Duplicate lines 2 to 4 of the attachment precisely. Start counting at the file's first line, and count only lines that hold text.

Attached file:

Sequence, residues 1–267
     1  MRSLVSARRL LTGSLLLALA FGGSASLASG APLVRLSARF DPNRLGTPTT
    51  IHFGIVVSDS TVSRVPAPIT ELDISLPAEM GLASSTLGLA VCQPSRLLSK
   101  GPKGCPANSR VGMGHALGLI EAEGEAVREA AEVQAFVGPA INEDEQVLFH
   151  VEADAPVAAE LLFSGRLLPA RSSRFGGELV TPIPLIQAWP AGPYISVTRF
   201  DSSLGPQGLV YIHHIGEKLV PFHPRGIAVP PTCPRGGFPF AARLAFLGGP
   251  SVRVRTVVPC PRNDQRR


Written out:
     1  MRSLVSARRL LTGSLLLALA FGGSASLASG APLVRLSARF DPNRLGTPTT
    51  IHFGIVVSDS TVSRVPAPIT ELDISLPAEM GLASSTLGLA VCQPSRLLSK
   101  GPKGCPANSR VGMGHALGLI EAEGEAVREA AEVQAFVGPA INEDEQVLFH